Sometimes Crappy (for you) Decisions are Best (for your kids)
This is the one that crushes me more. Not a guilt. He and I are good and we have a fun time laughing at our past and the system. But it crushes me as a father. I am finding myself moved to tears thinking about our host daughter going back to her orphanage. I find myself homesick and missing my own kids after just a few days when I travel, like a physical pain in the stomach. I have that same feeling knowing that “our” girl is going back to her orphanage and hoping and praying that we can see her again and influence her life in some way. I have a taste of what it would be like to not see my kids and to miss them. Just a taste.
You see.. My dad had the opportunity to push for visitation rights after our case winded down and fell apart. The state ended up dropping the charges/giving him a deal that had no admission of guilt, no convictions, just an agreement that he wouldn’t fight for visitation. He couldn’t keep that end of the deal, though. He had already lost so many years of our lives, he already was letting this grief eat him up – his own kids – he couldn’t agree to that. So he fought. And what he saw back was a 12 or 13 year old boy angry at the world. Heart clenched in a big curse to the world and even more so to him. I was confused and was in one part thinking it was all made up but in another part saying “it must be true” and I believed that my dad was an evil and manipulative man intent on ruining our lives. So I fought. Letters to him, arguments with any guardian ad litem who suggested it would be good to see him. Reached out to the news and press because I was told and felt that my rights were being violated and if I said “no visitation” I shouldn’t have it forced on me – and certainly not my poor brother and sister.. So I fought. I fought for me. I fought for my family.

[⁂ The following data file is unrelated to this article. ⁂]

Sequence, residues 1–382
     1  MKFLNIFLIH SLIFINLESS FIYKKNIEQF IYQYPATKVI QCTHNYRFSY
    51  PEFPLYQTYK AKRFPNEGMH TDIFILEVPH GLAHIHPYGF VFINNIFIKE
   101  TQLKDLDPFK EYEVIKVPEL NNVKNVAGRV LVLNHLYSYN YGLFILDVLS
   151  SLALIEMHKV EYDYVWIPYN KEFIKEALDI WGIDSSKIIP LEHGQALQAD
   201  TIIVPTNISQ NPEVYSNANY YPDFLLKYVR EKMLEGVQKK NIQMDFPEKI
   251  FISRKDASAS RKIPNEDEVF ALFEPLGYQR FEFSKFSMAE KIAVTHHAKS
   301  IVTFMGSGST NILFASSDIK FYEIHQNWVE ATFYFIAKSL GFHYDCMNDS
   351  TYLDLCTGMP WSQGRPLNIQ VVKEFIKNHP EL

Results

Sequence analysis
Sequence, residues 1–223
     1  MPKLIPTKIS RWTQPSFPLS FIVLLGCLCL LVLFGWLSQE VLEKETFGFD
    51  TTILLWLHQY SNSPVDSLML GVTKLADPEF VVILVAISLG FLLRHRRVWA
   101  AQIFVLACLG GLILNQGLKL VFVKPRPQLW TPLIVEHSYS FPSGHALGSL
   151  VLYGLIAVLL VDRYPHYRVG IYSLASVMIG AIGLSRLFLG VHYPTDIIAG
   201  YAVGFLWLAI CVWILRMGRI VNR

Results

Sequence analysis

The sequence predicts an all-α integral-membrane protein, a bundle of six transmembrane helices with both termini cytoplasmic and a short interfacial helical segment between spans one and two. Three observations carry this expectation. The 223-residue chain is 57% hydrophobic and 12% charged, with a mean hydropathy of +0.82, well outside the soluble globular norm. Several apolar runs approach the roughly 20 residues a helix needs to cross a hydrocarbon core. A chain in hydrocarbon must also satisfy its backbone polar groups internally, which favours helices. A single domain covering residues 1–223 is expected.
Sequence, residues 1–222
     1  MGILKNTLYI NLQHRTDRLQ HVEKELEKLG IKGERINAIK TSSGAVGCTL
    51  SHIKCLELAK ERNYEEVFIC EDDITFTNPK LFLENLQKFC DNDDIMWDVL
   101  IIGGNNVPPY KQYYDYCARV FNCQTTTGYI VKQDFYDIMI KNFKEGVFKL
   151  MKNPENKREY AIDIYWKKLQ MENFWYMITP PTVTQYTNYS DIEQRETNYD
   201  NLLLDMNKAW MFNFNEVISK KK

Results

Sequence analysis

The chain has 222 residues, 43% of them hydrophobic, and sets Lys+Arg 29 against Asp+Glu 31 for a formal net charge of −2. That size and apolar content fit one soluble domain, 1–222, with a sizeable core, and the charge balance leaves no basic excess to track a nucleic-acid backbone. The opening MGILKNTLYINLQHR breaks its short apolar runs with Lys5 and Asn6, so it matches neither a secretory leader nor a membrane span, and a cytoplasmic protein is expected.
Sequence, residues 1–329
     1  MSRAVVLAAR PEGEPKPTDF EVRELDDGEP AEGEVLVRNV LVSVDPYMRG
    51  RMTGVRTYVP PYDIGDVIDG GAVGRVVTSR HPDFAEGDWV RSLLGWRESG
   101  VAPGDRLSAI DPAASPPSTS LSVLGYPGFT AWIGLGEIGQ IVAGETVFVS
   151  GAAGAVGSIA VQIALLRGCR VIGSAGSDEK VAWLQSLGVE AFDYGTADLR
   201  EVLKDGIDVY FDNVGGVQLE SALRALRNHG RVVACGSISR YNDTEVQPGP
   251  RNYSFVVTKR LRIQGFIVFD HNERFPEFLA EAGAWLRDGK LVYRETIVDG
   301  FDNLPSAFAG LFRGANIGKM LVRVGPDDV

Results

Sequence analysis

He saw me fight. He saw the hurt I had, the anger I had. He knew he did nothing, but he saw my reaction. And he felt that pushing further would drag us back into court. He knew that it would hurt us further and confuse us more. He wanted so badly to see us. So while I fought… He withdrew.
He gave up the fight. He stood down. He put his hook (he has one arm.. he has a prosthetic hook for the other one he uses sometimes) and shield down. He left the battlefield. That’s Courage. If I wasn’t a father, I would say “what a wimp!! He gave up! He stopped fighting! He isn’t courageous!” – But.. I would be so wrong. He put our needs and his love for us ahead of his needs and his heart’s desire – to know his own kids!! – I can’t describe the unbelievable amount of courage and love that took. He basically said “It’s time to stop fighting. I’m killing my kids. The truth is the truth and they may someday be back in my life, but if I love them, I have to stop this fight. They’ll get to know me when older, I hope”.. He decided to live a life that meant tears when he saw a father giving a daughter away at a wedding on TV. He decided a life of pain every graduation season, a life of hearing other people brag about their kids and just talk about the fun times they had together. He chose a life of missing us so much. But he did it for us.